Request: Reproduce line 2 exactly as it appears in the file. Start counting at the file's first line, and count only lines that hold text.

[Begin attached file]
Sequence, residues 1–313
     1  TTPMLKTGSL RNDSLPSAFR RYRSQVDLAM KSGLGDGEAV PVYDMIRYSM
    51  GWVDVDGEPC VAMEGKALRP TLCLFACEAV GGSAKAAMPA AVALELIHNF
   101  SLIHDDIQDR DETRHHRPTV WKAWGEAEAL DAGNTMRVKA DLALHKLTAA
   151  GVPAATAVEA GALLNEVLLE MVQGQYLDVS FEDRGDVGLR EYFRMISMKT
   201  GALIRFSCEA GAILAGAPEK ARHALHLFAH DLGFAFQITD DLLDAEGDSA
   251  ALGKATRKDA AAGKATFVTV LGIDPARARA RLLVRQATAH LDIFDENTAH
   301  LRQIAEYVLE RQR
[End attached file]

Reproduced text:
     1  TTPMLKTGSL RNDSLPSAFR RYRSQVDLAM KSGLGDGEAV PVYDMIRYSM